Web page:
Are you replying to me, or zman99? I see that you both are in Oklahoma. I searched for SCT dealers on their website, and saw no "JPC Performance" in my area. Several others, but not that one.
 

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Discussion Starter #50
Sorry... brain fart going on here. I must have been recalling other threads. I see now that you are in NM, and zman99 is in PA.
 

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Lamotta Performance Available Services: Contact Name: Jake In-House Dyno: Y Dealer Address: 715 North 17/92 Mail-Order: Y Longwood FL 32750 US Custom Tuning: Y Phone: 407-695-4549
Web Site:
www.lamottaperformance.com
E-Mail Address:
[email protected]
 

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Dealer Name: SCT Available Services: Contact Name: SCT In-House Dyno: Y Dealer Address: 134 Baywood Ave Mail-Order: N Longwood FL 32750 US Custom Tuning: N Phone: 407-774-2447
Web Site:
www.sctflash.com
E-Mail Address:
[email protected]
 

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Discussion Starter #53
Yes, these are the two I saw closest to me. Does this Justin you speak of work at one of these?
 

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Nope, got my tuners mixed up. He's in MD...
 

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Rainman-

Their official stand is that the detonation we hear is normal and that one should never run higher than 87 octane. My 06 should arrive in a few weeks. I'll let you know if it also knocks. I suspect it will. If it does, I plan to run whatever octane it takes to halt the knocking. I am only speaking for myself when I say that running 87 octane seems like a sure way to shorten the life of this engine. Ford and I now have an understanding that they cannot tell me to run 93 octane in a stock Mustang GT, but if I do, they will have no way of knowing, and if I tell them that I am running 93 octane, I will not in any way void my warranty.
 

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All I can say is I got a 03 gt with a intake, throtle body, 4.10's, Littler flywheel, plenum, Cats back magnas. Im not sure if my car has been tuned all I can say is I was running 87 and now 93 and it has improved alot. Cuz it was knocking hard in fifth and light in third and fourth. But now only a little in fifth and only between like 1500 and 2000 RPM. So if I got something else ill let you know. The ford dealship here told me to run that 93 so I am.
 
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All I can say is I got a 03 gt with a intake, throtle body, 4.10's, Littler flywheel, plenum, Cats back magnas. Im not sure if my car has been tuned all I can say is I was running 87 and now 93 and it has improved alot. Cuz it was knocking hard in fifth and light in third and fourth. But now only a little in fifth and only between like 1500 and 2000 RPM. So if I got something else ill let you know. The ford dealship here told me to run that 93 so I am.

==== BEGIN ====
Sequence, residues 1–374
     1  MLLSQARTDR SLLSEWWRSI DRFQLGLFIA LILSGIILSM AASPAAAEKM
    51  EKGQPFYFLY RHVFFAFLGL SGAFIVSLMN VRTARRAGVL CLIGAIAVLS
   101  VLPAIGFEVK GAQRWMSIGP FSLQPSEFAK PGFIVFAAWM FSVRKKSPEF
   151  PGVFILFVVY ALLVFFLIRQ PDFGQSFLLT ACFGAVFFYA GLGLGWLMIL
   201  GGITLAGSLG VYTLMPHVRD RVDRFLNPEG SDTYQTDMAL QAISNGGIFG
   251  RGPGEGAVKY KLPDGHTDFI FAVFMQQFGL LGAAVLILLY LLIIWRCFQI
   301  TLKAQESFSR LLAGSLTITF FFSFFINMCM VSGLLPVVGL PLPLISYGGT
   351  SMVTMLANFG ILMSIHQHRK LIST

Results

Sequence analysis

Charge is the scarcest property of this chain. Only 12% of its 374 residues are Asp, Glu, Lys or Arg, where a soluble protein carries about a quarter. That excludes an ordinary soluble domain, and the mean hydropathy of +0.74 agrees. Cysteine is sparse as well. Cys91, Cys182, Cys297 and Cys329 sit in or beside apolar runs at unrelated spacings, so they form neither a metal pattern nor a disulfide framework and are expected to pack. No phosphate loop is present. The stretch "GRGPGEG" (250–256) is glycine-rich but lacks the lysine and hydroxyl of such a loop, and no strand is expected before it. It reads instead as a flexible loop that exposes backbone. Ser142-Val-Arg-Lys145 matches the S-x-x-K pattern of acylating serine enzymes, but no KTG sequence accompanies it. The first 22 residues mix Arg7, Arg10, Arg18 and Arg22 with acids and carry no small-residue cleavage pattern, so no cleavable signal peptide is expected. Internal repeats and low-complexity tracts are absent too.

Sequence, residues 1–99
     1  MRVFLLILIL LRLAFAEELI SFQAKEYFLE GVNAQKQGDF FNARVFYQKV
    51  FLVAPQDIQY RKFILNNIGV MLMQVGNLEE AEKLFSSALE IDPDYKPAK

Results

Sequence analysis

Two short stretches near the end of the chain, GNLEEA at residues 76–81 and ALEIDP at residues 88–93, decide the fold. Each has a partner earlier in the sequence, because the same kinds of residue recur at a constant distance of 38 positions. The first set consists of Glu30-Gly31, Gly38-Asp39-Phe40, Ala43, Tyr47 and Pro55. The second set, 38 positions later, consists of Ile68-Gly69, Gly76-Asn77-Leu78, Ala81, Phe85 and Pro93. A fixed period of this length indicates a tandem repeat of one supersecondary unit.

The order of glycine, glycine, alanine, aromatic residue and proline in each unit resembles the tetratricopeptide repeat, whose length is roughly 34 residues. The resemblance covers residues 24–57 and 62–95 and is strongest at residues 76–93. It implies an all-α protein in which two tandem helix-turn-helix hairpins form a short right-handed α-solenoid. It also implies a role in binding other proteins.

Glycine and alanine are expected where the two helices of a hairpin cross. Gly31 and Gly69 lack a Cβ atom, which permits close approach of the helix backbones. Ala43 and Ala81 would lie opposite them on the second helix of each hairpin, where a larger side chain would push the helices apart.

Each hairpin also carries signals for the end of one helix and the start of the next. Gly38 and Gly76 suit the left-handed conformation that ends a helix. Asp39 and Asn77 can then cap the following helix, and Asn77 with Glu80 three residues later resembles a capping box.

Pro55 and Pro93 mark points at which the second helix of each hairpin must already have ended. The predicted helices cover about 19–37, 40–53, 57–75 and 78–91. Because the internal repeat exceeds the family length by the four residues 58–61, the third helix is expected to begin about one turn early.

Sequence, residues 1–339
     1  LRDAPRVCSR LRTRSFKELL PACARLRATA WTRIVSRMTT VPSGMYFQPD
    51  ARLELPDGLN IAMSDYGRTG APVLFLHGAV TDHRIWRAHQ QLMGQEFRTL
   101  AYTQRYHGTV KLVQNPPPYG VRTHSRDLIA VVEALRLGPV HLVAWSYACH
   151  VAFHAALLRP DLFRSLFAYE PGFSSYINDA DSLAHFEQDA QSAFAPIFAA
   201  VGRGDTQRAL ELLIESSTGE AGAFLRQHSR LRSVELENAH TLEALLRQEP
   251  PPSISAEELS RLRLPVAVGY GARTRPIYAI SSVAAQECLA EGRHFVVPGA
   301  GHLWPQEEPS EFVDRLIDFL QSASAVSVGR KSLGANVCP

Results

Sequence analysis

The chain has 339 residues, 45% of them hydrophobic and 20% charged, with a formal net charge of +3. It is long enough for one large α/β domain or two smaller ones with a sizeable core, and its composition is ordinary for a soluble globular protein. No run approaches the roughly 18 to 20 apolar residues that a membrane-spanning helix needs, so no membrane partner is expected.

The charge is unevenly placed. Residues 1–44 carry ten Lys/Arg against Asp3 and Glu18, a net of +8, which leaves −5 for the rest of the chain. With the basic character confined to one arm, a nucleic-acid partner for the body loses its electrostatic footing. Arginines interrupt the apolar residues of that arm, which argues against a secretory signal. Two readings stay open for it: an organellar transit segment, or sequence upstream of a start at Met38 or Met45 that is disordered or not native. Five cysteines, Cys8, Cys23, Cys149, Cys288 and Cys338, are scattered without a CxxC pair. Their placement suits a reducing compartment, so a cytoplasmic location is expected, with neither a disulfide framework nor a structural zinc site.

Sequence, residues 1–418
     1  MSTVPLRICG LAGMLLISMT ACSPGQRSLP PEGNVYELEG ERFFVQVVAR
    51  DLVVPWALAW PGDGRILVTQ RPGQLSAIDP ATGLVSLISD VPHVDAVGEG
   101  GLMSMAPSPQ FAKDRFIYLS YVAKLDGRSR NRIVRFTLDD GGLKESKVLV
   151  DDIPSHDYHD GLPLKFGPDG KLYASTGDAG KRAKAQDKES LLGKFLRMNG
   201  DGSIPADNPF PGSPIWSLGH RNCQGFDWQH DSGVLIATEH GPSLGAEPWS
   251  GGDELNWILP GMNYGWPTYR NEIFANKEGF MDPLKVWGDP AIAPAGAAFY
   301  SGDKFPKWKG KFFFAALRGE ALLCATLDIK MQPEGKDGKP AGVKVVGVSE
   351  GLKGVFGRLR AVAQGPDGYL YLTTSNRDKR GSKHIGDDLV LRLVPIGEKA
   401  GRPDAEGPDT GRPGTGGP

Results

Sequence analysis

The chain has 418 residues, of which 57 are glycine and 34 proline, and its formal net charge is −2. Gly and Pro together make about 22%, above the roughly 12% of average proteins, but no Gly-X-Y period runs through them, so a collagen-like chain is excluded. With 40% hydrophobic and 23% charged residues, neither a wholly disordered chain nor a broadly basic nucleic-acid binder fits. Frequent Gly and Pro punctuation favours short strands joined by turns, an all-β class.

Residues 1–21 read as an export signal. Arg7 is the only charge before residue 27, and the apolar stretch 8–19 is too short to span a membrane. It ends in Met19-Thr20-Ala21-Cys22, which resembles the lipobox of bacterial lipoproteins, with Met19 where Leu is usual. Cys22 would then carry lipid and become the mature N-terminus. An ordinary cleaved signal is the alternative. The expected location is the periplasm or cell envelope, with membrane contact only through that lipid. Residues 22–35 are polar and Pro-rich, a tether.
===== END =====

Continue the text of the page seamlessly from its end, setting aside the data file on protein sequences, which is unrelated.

....and we have revived a thread from 2006!
 

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King of Ping, signing off. . .

This will be my last post here as I am letting my B-2 go and moving on to a new stable. As you may or may not know, I have had a 2005 bone stock Mustang GT that spark knocked itself silly on 87 octane. It was so bad, that Ford agreed to replace the whole car. I received a 2006 Mustang GT and it was just as bad on 87. My agreement with Ford was that I'll run 91 octane that the car does not knock on, and Ford will turn a blind eye to the fact that I was doing so. Anyway, the car has 60,000 miles now and I have only replaced the tires and a battery. Other than routine filter changes, I have spent nothing on the car and it has been perfectly reliable and did not accelerate wildly out of control unles I wanted it to. She sure was a good ship. BTW, I never experienced the "carbon buildup" and cold starting problems that Ford promised if I used gasoline rated any higher than 87 octane. The car is still running strong on 91 and will be a good car for whoever is lucky enough to end up with it. This is zman99, the King of Ping, signing off. . .
 

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That ranks up there with the local ford dealer telling me that the spark knock I had going on was because I changed the rear end on my car to a 4.10....

The "lead tech" went on to tell me how the rear end is involved in determining the amount of gas and timing.

I nodded and found a new dealer.